The majority found that Canada’s legal obligation under s. 14(2) does not require identifying a constitutional obligation, rather that s.14(2) may be used (in some cases) as a freestanding basis on which the Tribunal can hold Canada responsible for the Imperial Crown’s failure to meet certain legal obligations. The majority held that this “backward-looking projection” of Crown liability is consistent with the Indigenous perspective of continuity in the relationship between Indigenous peoples and the Crown before and after Confederation.
Key issues not decided
Although this decision confirms that the band has a valid specific claim, the extent of damages against
Canada has yet to be determined by the Tribunal.
Canada’s apportionment of liability
Compensation will only be awarded to the band to the extent that the breach by the Crown in issue – as opposed to acts and omissions of third parties –caused the loss In its decision, the court confirmed that Canada was not bound to deliver the Village Lands as a reserve but was in breach of its fiduciary duty because of the process by which it resolved conflicting interests. The fact that Canada eventually procured a reserve for the band elsewhere may reduce the amount of compensation awarded. The extent to which the claimed loss may be attributable to actions of the province also raises questions of causation that will be determined at the compensation stage.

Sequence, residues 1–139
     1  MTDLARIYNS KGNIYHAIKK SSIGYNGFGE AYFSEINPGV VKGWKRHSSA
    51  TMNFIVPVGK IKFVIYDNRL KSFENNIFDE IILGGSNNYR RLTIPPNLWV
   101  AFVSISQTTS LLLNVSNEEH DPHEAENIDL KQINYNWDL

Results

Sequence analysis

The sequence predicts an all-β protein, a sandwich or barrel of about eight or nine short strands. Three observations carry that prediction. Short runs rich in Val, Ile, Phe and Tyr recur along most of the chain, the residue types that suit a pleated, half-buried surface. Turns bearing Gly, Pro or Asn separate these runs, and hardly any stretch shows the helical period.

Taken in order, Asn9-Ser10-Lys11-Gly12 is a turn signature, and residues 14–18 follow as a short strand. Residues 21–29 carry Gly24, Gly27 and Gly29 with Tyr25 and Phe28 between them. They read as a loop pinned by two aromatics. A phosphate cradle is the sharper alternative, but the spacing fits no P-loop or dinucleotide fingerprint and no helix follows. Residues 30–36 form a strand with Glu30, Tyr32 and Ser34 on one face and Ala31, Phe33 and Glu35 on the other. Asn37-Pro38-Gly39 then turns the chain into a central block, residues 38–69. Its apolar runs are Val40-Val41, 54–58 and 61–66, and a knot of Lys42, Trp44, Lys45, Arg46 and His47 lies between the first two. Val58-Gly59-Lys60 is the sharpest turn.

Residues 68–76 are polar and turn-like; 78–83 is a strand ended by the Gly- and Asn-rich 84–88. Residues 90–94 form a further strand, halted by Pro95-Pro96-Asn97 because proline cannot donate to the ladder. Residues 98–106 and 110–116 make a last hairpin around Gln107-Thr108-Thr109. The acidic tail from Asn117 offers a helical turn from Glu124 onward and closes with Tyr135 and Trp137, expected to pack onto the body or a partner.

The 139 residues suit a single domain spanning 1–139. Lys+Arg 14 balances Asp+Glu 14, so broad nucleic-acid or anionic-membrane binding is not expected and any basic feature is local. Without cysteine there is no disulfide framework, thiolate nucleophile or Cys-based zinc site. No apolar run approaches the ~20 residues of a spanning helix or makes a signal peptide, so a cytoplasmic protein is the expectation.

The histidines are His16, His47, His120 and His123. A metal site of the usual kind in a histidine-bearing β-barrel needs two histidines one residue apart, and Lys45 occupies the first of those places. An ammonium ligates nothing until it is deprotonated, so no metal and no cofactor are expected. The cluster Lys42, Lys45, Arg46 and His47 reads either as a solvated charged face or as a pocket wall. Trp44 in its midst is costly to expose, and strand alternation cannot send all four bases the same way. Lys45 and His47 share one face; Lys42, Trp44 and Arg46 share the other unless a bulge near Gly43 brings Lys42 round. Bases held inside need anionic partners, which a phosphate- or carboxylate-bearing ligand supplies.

The Tribunal openly acknowledged that Canada’s discretionary power to assign reserves was limited by the need for provincial cooperation. Though the question of provincial responsibility was not explicitly addressed, the majority confirmed the Tribunal’s finding that the Province would have been bound by the honour of the Crown which includes the possibility that the Provincial Crown may have also owed a fiduciary obligation to the band.